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How to Kill a Dryer, Radio, and Two Garage Door Openers

By At Home Alterations on Jan 06, 2012

Someone, somewhere thought this junction box was a good idea.

I had to totally disassemble it when we demoed the laundry room and one of my goals with re-wiring the basement is to completely remove all it's nastiness.  The plan is to remove one circuit at a time until there's nothing left in this rat's nest.

The first circuit I removed was the one that goes to our refrigerator.  The original circuit went from the main panel, to this junction box, then lopped around the basement only to come up through the floor right above the main panel (why loop all around the basement???).  Once on the main level, the circuit ended in a non-grounded receptacle.  An extension cord plugged into the receptacle ran through hole in the wall, through the inside of a cabinet, and eventually reached the fridge.  Every once in a while the fridge plug got bumped and the fridge turned off until we noticed it.  This had to change!

I removed the old circuit and it's crazy loop through the basement and ran a new, grounded, circuit straight from the main panel to a new receptacle on wall behind the fridge.  It was perfect!

The next day I went down to work on the basement and turned on the radio on my old boom box.  To my surprise, the boom box was dead.  I tried everything but it was just plain dead.  As I traced the circuit back to see what was going on, I ended up in that horrible junction box and things were going haywire in there!  Wires that shouldn't have current had current, turning off certain circuits didn't cut power to the circuits, and things were just generally out of whack.  I turned off power to all the circuits in that junction box and started sorting things out.  Let me try to explain what was going on with some pictures.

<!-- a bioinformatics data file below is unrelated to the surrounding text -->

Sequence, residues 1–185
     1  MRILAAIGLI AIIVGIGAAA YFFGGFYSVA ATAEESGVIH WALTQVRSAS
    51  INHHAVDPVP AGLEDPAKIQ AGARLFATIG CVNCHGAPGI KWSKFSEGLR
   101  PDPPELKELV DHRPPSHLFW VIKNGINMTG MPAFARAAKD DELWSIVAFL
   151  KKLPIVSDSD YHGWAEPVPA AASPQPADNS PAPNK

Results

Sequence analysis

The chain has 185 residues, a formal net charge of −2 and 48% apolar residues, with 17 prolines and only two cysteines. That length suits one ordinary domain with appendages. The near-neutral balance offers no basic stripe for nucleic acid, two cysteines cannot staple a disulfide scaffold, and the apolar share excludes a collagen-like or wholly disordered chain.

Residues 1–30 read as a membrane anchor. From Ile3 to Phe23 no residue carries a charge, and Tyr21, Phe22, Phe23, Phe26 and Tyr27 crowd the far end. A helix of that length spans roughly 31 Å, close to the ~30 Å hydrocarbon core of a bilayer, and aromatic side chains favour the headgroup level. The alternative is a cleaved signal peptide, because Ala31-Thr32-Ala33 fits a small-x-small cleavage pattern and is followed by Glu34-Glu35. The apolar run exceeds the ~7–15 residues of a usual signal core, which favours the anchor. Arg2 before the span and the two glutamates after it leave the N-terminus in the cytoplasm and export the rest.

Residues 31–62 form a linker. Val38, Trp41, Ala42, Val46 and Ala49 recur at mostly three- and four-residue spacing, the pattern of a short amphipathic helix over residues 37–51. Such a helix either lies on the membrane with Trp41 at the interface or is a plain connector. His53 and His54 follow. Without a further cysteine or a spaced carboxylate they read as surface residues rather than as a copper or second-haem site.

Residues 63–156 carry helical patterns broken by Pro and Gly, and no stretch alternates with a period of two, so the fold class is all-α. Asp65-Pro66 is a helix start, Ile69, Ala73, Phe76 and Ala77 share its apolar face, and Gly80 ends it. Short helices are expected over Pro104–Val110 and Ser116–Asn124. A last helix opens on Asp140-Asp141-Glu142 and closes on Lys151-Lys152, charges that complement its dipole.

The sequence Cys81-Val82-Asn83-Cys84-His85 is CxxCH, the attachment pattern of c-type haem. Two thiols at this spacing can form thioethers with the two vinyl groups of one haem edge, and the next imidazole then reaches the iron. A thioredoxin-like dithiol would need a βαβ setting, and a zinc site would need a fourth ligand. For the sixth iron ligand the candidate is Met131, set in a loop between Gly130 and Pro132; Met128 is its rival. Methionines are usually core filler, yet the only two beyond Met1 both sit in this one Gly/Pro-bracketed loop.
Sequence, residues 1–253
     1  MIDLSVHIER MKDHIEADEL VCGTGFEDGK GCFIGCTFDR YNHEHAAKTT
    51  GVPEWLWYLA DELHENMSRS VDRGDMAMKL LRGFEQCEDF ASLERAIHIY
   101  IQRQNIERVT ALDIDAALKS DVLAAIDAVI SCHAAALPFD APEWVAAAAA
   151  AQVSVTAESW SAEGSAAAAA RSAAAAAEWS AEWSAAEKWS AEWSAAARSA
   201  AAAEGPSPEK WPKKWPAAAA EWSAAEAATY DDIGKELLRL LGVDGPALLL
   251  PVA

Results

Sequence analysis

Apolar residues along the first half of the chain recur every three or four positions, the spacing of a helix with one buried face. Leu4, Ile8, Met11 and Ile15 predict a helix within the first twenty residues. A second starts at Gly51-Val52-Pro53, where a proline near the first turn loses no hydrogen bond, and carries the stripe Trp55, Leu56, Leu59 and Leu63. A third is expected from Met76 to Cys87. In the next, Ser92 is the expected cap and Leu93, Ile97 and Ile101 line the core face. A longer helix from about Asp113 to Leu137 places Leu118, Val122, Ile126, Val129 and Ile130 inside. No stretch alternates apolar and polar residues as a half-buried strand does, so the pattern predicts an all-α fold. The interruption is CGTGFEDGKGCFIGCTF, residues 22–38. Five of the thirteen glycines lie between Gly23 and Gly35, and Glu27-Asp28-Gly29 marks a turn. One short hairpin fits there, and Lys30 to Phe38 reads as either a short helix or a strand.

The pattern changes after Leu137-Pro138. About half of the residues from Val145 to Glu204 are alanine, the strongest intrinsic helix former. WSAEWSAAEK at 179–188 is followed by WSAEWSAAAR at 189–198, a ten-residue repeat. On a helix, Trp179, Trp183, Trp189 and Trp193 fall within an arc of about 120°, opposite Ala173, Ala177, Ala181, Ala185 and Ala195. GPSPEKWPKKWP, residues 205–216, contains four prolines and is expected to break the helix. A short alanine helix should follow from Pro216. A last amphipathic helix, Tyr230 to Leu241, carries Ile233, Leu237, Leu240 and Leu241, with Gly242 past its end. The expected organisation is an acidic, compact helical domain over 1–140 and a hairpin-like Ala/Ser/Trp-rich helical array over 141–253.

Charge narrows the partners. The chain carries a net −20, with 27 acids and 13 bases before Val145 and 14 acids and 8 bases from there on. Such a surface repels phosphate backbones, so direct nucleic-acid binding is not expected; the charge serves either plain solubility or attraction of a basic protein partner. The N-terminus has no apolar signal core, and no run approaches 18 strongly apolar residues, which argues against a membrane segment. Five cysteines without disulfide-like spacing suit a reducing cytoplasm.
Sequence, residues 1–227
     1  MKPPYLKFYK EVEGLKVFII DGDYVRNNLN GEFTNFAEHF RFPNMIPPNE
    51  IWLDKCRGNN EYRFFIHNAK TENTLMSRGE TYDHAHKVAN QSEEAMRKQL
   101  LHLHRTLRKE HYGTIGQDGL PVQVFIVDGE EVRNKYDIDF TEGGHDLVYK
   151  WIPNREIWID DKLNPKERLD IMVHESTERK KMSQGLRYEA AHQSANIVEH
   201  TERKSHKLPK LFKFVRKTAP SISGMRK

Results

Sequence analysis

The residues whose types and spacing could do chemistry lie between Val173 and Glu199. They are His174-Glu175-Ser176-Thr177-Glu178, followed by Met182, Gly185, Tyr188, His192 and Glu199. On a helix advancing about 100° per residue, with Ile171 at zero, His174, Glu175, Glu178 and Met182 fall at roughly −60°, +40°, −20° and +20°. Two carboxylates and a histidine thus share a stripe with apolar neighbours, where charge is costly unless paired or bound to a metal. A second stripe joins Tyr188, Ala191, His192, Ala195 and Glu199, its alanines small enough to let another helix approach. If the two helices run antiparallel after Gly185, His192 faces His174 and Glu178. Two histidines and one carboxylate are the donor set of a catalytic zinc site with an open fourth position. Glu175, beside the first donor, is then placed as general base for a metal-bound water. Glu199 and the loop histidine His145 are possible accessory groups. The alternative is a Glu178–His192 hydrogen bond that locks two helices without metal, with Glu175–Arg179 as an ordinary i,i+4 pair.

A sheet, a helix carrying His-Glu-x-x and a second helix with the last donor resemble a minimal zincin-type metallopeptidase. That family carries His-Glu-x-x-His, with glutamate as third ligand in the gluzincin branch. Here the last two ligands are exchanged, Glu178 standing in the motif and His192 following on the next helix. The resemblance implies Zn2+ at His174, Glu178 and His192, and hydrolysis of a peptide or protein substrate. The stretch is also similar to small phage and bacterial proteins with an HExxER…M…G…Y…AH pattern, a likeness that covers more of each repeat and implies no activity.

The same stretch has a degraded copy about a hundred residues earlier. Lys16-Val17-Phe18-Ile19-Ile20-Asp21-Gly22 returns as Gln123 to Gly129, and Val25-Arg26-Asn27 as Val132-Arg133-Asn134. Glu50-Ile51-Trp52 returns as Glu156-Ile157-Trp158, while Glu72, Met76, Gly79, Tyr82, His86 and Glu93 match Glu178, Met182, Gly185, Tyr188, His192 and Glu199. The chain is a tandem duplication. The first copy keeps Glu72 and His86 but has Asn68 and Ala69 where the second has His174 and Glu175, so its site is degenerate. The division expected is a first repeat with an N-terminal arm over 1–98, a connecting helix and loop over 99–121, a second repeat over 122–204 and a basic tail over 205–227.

This is what 3 simple circuits look like.  Power runs down the black wire, goes to something that needs power (like a light bulb) and returns down the white wire.  I added a junction box to the picture but for this illustration, each wire just connects to a new wire and continues on from the junction box.

In reality, it's never this cut and dry.  It's common to connect all the white neutral wires in a junction box but each circuit still has a black (hot) wire and a white (neutral) wire.

Now what made ours weird is that each circuit didn't have it's own neutral wire going from the junction box back to the main panel.  It only had one wire that was carrying power from all the circuits back to the main panel.  While this technically works, it's not the way to do it.  Booo.

Imagine the middle circuit is our refrigerator circuit.  When I removed the old circuit, I took out the black and white wire from the main panel to the junction box and the black and white wire from the junction box to the fridge.

Ours was much messier and there were more than two circuits, but this is essentially what we were left with.  See a problem here?  Neither circuit has a white (neutral) wire that goes back to the main panel.  Usually if a circuit has a black (hot) wire but no white (neutral) wire to go back to the main panel, the circuit just doesn't work and it doesn't really cause any problems other than nothing turns on.  In our case the neutral current still found a way back to the main panel.  The current on the top circuit traveled down the black wire into the light bulb, then continued on to the white wire into the junction box.  From there it continued on the other white wire, into the bottom light bulb, and back down the bottom black wire (going the wrong way) back to the main panel.  The bottom circuit did the same thing in reverse.

This essentially created a 240 volt circuit instead of two 120 volt circuits.  Sometimes things are wired like this on purpose because appliances like electric heaters sometimes need 240V.  In our case, this wasn't the intended outcome and any appliances on any of the combined circuits that that couldn't handle 240V got fried.  Specifically my radio, our drier, and both garage door openers.

I guess I learned an important lesson: Never assume anything was done correctly in an old house.  If you change something, make sure anything that can be affected is done right after the change.  And make sure you have an emergency fund.  Because mistakes are rarely inexpensive!

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